Spanish Fandango - "Fandango: a Spanish dance in 3/4 time, often accompanied by castanets; (U.S. colloq.) lively dance or get-together." - dictionary. The fandango was discovered by Mozart and other composers, and simpler variations on it were widespread in 19th century America. Anonymous, sort of a classical folk piece, probably contemporary with Old Hickory's Fandango, here arranged for Appalachian dulcimer by Jane. Lap dulcimer by Jane, Truman guitar.
Western Country ("Fly Away, My Pretty Little Miss") - A good old D-tune hoedown. Jane supplied the two authentic verses. Fiddle, banjo, Truman vocal. Note to fiddlers - the B part of this is an early version which will not mesh with the more commonly played versions.
Truth and Canoeing Medley: Blue Juniata (Mrs. Marion Sullivan, 1844), Tombigbee River (Steele & Winnemore, 1847), Paddle Your Own Canoe (Harry Clifton,1867) - Three campfire songs, which could include Juniata's timeless lines, "Straight and true my arrows are, in their painted quiver. . . / Swift goes my light canoe, down the rapid river!" Clifton's is a later intrusion demonstrating some of the moralisms that came with the Victorian era, also a hint of Tin Pan Alley. Fiddle and vocal solo, Truman.
Other liner notes:
Jane Keefer, despite her PhD in Theoretical Chemistry and Physics (or because of it?) and experience as a computer programmer for NASA, made her living for eight years by teaching folk music in and around Salem, Oregon (try that sometime!) She plays and teaches folk styles on fiddle, banjo, dulcimer, guitar and mandolin, also plays hammered dulcimer, autoharp, piano, Paraguayan harp, penny-whistle, limber-jack, etc. She has transcribed music for over 2000 traditional tunes in both notation and written tablature for the main string instruments. While working on the East Coast for several years she developed the Folk Music Index, which lists and indexes all folk music on record, based on her personal collection. Jane has recently returned to Portland, where she teaches string band classes, performs with General Strike and is active with the Portland Folklore Society. We played together frequently when she lived in Salem, still do, and always love the music.
There do not exist many songs written in the 19th century that specifically mention the Oregon Trail, and no evidence of songs being written on the Trail. If you broaden the parameters just a little, however, the material becomes extensive. I included songs specifically mentioned as having been sung on the trail (see Ken Holmes' 11-volume set of diaries, Covered Wagon Women ) or in Oregon in the 1850's. I also calculated songs that were likely to have been sung. J. T. Howard's Our American Music describes the most popular songs on a year-by-year basis through the 1840's and 1850's. Another excellent source in that exercise is Vera Lawrence's Music for Patriots, Politicians, and Presidents: a compilation of all the campaign songs on the 19th century; as those were set to popular melodies, they show very well what tunes were on people's minds. As an aside, Laura Ingalls' Little House on the Prairie books can give valuable insight to the nature of music on the frontier. She wrote them to pass on her father's songs and stories, and quotes about 60 songs that he or the family sang in the 1870's: about 1/3 of them were popular songs of the 30's to 50's minstrel era, 1/3 folk songs mainly Scottish, and 1/3 hits of the day, often being sung on the frontier within a year or two of publication. These approaches to musicology can reveal abundant material. I gave a 7-hour elderhostel course on the subject at Idaho Falls and noticed that at a grade school concert the same week I used two more tunes I hadn't mentioned at the elderhostel.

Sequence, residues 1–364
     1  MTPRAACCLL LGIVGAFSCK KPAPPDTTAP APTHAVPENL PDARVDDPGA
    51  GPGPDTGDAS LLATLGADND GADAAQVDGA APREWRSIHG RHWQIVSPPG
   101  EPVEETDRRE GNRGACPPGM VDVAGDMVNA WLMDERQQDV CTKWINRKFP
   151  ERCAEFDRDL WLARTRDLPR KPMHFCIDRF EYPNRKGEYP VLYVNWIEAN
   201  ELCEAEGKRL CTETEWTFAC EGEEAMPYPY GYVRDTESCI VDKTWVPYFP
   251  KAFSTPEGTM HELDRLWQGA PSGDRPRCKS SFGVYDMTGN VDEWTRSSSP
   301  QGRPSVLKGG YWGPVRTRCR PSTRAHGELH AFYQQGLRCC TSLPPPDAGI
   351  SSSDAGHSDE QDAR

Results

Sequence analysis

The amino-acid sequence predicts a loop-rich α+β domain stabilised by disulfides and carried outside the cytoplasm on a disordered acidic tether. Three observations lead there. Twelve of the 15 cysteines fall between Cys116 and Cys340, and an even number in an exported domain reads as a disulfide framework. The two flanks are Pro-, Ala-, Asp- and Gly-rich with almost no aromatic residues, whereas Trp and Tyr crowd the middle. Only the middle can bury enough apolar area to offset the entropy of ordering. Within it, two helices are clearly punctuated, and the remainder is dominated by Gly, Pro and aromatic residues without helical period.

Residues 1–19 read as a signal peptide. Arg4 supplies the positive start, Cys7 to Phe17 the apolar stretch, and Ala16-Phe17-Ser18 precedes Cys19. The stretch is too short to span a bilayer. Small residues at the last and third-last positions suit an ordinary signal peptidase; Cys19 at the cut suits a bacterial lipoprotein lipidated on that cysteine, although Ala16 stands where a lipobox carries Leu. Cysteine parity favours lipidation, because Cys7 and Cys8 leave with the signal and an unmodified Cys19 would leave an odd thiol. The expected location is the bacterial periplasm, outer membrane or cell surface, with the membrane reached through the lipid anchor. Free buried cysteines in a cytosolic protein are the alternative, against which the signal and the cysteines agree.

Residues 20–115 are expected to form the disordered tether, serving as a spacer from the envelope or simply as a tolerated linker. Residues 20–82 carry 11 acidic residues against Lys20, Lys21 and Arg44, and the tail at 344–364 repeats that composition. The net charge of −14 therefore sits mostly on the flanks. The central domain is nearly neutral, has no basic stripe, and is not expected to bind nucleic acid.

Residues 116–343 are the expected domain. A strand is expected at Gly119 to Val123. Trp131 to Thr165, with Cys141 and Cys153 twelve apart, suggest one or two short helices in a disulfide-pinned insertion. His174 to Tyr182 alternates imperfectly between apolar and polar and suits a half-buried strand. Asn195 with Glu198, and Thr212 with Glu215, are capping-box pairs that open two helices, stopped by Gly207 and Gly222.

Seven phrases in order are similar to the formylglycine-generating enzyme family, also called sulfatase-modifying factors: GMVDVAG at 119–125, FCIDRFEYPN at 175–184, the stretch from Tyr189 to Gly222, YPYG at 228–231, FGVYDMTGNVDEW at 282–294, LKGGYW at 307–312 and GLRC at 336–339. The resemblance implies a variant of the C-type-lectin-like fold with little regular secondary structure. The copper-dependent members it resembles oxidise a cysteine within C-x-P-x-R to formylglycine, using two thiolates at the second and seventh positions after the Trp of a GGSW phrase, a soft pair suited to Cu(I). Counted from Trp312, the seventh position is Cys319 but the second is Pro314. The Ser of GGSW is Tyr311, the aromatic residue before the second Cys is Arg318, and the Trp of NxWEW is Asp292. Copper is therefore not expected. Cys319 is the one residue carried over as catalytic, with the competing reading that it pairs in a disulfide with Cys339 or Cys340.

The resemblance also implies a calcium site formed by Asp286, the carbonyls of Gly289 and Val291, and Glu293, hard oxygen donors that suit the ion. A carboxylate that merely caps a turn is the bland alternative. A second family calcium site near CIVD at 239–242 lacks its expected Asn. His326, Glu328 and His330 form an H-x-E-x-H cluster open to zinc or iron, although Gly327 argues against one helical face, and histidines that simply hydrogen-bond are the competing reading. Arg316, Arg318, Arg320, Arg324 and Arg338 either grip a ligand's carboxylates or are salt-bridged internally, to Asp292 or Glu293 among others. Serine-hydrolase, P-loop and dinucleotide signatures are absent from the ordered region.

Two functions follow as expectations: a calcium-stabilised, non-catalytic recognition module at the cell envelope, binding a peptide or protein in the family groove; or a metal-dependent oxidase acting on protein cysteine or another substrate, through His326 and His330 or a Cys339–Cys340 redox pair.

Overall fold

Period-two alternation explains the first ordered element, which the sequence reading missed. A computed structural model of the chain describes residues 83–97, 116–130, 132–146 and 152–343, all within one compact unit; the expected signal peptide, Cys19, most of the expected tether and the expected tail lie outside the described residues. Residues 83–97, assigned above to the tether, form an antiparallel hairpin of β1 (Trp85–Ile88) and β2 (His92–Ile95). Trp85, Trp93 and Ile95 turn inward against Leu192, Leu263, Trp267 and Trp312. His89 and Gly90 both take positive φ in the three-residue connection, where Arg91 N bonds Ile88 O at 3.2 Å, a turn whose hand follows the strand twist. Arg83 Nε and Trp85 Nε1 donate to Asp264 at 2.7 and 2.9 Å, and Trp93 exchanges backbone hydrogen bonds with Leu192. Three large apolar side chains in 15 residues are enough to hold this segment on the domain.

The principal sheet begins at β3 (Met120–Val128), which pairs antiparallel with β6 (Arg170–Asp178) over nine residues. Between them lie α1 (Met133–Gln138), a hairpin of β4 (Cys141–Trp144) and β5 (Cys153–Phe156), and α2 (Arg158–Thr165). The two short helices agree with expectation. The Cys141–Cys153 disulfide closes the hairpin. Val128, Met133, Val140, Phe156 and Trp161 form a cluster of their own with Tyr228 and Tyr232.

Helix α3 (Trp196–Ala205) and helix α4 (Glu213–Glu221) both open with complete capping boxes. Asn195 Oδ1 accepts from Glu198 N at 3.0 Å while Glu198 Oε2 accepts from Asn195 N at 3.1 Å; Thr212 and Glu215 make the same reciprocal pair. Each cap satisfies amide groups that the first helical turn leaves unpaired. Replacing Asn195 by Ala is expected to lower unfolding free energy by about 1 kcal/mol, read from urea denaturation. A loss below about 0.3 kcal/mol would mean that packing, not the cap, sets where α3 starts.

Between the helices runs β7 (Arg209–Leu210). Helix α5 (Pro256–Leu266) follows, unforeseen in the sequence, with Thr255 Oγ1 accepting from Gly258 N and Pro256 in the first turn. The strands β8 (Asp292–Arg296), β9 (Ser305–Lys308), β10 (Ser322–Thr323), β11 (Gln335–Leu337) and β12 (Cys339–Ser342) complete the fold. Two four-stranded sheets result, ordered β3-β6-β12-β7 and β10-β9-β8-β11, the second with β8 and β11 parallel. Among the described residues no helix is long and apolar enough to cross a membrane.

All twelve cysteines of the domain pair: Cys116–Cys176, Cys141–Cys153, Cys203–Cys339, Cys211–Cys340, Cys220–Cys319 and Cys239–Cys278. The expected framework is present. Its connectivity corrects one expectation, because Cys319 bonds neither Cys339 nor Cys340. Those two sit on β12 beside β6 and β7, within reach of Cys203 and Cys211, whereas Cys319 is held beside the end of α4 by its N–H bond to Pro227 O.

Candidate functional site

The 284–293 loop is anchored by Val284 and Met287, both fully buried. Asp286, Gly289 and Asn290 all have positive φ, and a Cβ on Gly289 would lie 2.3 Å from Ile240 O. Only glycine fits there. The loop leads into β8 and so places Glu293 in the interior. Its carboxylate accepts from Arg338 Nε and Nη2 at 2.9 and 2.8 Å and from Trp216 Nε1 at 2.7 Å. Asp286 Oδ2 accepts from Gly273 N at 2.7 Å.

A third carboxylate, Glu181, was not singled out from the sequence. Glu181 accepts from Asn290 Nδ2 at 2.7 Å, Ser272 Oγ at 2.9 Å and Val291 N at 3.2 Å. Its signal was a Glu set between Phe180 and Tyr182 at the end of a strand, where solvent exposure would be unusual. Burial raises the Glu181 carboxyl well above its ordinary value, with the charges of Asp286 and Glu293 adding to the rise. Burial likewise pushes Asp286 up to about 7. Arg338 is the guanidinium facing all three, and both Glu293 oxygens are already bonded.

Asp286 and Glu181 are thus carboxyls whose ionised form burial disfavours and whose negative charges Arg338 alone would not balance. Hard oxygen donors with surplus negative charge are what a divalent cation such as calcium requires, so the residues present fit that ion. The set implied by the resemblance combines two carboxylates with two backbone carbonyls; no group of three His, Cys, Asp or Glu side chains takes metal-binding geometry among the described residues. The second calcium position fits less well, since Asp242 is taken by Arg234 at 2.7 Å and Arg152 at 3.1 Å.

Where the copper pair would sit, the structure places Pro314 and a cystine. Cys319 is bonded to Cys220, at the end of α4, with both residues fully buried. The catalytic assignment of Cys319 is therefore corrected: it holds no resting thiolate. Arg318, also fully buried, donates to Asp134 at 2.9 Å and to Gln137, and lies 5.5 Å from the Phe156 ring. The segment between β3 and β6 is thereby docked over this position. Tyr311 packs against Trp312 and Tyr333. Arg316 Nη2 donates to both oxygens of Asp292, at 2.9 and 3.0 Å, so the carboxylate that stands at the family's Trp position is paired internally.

The instrumentation on the tape is largely solo fiddle, with or without vocal, and some banjo, and bits of accompanying guitar. Lap dulcimer is used on two items. The style of play is as would have been played in the era; there are no bluegrass licks, no 20th century songs such as Redwing. Howard's book and Ewens' Yesterdays have descriptions of the music of the times.
I became intrigued with the minstrel style of fiddle playing while reading the Little House on the Prairie books by Laura Ingalls Wilder. Illustrator Garth Williams, who took great care for accuracy, showed Pa holding the fiddle in the crook of his arm and singing. There was a process of trial and error and learning to breathe and bow, but oldtimers in West Virginia, Minnesota, and Oregon told me I was doing it "right, just like they used to." These songs were recorded in live time, fiddle and vocals simultaneous, without dubs. If you like the style you might also check GB Grayson, who recorded in Virginia in 1928-30.
A favorite subject. Best wishes, Truman ------------------------------------------------------------------------------ ---